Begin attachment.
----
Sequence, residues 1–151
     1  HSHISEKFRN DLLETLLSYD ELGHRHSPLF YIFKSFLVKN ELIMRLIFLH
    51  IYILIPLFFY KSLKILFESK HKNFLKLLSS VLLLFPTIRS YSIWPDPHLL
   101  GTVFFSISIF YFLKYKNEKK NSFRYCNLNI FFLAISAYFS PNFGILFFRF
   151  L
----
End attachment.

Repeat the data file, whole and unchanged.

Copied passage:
Sequence, residues 1–151
     1  HSHISEKFRN DLLETLLSYD ELGHRHSPLF YIFKSFLVKN ELIMRLIFLH
    51  IYILIPLFFY KSLKILFESK HKNFLKLLSS VLLLFPTIRS YSIWPDPHLL
   101  GTVFFSISIF YFLKYKNEKK NSFRYCNLNI FFLAISAYFS PNFGILFFRF
   151  L